Why we (all of us!) should compost?


Here are 4 reasons why we would encourage everyone to start composting!


  1. It reduces waste.  Think of all the food related items sitting in your trash can right now:  apple cores, egg shells, leftovers, potato skins, that bag of spinach you forgot about!  Multiply this by a year or a lifetime and that’s a lot of waste!  The landfill certainly doesn’t need more of it and you can instead use it productively to become a super food for your own yard!
  2. Getting rid of your yard waste just doesn’t make sense.  Nature functions how it does for a reason, and there’s a reason trees lose their leaves every fall and plants die and then regrow in the spring.  This is nature’s way of replenishing itself year after year.  We interrupt this process by stripping the land of its own self-sustaining inputs.  To build soil up we need at least one part “in” for every one part “out”.  If we continually have no parts in and all parts out, like hauling off all our leaves and grass clippings for example, soil will quickly diminish and lose it’s life and fertility over time.
  3. Healthy soil means a healthier you.  Soil and health are two things we don’t often associate but it’s impossible to separate the two.  Humans gain nutrients from the food we eat.  This food gains its nutrients from the soil it grows in.  Even the animals we eat gain their nutrients from grasses and what they forage in the field (or at least they should!).  Depleted soil may grow things, but whatever grows in it will likely be just as depleted as the soil that grew it.  Compost builds soil nutrition which in turn becomes one of the best investments you can make in your own health.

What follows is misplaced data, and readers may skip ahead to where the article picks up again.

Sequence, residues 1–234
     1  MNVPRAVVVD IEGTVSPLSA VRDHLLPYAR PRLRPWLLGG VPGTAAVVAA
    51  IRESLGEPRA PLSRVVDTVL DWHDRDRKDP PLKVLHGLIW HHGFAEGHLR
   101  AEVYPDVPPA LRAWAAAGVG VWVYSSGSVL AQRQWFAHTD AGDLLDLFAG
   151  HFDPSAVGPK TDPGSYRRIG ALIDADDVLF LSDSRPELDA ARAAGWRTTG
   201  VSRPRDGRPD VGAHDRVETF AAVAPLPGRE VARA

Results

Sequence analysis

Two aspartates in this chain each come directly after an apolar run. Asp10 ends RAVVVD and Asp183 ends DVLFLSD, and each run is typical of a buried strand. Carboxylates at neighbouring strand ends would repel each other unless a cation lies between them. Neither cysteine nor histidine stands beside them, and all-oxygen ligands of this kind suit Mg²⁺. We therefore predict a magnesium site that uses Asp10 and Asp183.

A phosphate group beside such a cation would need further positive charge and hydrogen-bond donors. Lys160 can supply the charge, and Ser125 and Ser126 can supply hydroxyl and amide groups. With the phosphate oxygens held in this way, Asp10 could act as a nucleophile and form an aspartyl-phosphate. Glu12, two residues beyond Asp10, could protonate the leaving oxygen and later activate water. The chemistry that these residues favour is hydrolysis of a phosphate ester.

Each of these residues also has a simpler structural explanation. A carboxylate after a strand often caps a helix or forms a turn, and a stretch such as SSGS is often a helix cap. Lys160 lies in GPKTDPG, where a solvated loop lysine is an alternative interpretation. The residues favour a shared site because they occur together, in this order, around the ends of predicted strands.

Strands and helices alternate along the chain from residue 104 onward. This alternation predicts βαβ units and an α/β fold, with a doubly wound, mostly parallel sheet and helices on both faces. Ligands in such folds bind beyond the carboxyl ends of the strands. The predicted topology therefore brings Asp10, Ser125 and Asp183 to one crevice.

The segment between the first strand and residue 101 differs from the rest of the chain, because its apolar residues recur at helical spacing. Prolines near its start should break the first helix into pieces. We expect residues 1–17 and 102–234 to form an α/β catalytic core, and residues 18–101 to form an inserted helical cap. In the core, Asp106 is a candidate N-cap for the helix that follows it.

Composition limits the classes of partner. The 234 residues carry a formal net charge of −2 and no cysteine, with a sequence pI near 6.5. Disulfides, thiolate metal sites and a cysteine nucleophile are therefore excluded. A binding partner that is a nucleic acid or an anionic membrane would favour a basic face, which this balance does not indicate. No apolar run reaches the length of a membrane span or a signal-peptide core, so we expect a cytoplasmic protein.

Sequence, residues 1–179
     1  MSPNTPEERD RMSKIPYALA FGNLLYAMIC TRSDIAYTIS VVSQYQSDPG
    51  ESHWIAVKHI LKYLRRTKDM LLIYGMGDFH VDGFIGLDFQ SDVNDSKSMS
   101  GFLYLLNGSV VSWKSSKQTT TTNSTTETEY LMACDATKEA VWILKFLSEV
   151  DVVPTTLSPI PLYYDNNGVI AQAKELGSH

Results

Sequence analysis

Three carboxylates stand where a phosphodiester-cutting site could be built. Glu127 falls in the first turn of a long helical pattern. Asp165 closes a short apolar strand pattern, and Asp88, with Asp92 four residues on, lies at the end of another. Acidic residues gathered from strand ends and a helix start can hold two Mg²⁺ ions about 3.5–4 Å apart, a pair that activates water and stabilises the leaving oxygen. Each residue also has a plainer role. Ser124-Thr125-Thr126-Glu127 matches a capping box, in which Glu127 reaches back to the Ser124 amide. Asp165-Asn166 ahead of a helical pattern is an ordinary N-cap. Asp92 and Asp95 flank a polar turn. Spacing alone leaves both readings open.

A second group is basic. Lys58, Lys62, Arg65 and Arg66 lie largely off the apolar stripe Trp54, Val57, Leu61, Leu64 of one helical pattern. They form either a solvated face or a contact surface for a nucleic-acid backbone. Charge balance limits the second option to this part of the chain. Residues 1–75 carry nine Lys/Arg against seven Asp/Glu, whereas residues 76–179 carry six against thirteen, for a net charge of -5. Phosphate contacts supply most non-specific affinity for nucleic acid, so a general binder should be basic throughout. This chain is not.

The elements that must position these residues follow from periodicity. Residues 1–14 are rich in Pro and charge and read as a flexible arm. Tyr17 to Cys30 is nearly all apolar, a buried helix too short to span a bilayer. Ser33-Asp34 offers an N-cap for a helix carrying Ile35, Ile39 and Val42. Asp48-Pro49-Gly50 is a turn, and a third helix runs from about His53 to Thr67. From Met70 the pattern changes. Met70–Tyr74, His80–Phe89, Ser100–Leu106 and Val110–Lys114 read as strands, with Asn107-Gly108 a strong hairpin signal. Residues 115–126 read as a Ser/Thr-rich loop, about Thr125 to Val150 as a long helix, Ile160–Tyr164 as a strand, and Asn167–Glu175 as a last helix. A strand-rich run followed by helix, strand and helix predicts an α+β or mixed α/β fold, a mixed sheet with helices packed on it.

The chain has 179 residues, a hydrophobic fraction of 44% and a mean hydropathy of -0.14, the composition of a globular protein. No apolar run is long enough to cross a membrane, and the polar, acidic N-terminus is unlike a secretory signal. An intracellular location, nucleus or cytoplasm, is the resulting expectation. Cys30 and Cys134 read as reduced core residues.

4. Composting keeps it local.  I once bought bag of composted chicken poop from a big box store.  I got home exuberant about my purchase only to be met with, “Jim, we have chickens in our back yard!  Go get their poop!”  Joelle was right!  We had poop up the wazoo and I just imported poop into our yard from who know’s where, from unknown chickens, kept in unknown conditions, being fed unknown things, and pooping it out to be packaged and shipped to my yard.  I’m willing to bet your own yard and household scraps are already producing some of the finest materials you need to begin composting.  Don’t buy what you’ve already got right in front of you!


If you have read this and are excited about composting but feel intimidated, the best thing you can do is just start.  We have done it a couple years now, and really just through failure and trying new or different things are finally reaping the benefits!  There are tons of resources available to help you get started or troubleshoot along the way.  Many may be right in your own community as we’ve found!  Help reverse the process of stripping our lands of its nutrients and sending it to landfills.  Join the movement of people who are dedicated to fortifying soil, regenerating our lands, and joining nature in fulfilling its natural lifecycle through composting.  


James Madison, our fourth President, may have said it best back in 1818…


“Nothing is more certain than that the continual cropping without manure deprives the soil of its fertility.  It is equally certain that fertility may be preserved or restored by giving to the earth animal or vegetable manure equivalent to the matter taken from it.”